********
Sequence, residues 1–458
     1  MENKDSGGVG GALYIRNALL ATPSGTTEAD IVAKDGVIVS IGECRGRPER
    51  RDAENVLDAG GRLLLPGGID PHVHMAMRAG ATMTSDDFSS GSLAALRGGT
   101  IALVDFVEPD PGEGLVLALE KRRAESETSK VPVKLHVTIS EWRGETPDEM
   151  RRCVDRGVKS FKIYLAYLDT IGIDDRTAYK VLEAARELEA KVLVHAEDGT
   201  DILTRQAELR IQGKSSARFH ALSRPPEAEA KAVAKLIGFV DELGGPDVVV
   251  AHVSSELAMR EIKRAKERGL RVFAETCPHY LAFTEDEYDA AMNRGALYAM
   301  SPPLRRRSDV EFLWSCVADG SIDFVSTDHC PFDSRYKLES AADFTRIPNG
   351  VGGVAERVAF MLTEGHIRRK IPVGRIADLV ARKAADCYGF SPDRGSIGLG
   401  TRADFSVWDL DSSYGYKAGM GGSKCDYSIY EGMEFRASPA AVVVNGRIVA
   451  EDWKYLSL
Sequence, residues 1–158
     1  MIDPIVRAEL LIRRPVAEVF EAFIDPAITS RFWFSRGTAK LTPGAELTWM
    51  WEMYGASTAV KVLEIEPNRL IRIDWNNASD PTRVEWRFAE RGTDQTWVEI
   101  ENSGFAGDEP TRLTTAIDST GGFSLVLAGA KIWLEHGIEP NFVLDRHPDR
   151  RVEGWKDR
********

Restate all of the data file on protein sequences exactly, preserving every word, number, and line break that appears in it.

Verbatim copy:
Sequence, residues 1–458
     1  MENKDSGGVG GALYIRNALL ATPSGTTEAD IVAKDGVIVS IGECRGRPER
    51  RDAENVLDAG GRLLLPGGID PHVHMAMRAG ATMTSDDFSS GSLAALRGGT
   101  IALVDFVEPD PGEGLVLALE KRRAESETSK VPVKLHVTIS EWRGETPDEM
   151  RRCVDRGVKS FKIYLAYLDT IGIDDRTAYK VLEAARELEA KVLVHAEDGT
   201  DILTRQAELR IQGKSSARFH ALSRPPEAEA KAVAKLIGFV DELGGPDVVV
   251  AHVSSELAMR EIKRAKERGL RVFAETCPHY LAFTEDEYDA AMNRGALYAM
   301  SPPLRRRSDV EFLWSCVADG SIDFVSTDHC PFDSRYKLES AADFTRIPNG
   351  VGGVAERVAF MLTEGHIRRK IPVGRIADLV ARKAADCYGF SPDRGSIGLG
   401  TRADFSVWDL DSSYGYKAGM GGSKCDYSIY EGMEFRASPA AVVVNGRIVA
   451  EDWKYLSL
Sequence, residues 1–158
     1  MIDPIVRAEL LIRRPVAEVF EAFIDPAITS RFWFSRGTAK LTPGAELTWM
    51  WEMYGASTAV KVLEIEPNRL IRIDWNNASD PTRVEWRFAE RGTDQTWVEI
   101  ENSGFAGDEP TRLTTAIDST GGFSLVLAGA KIWLEHGIEP NFVLDRHPDR
   151  RVEGWKDR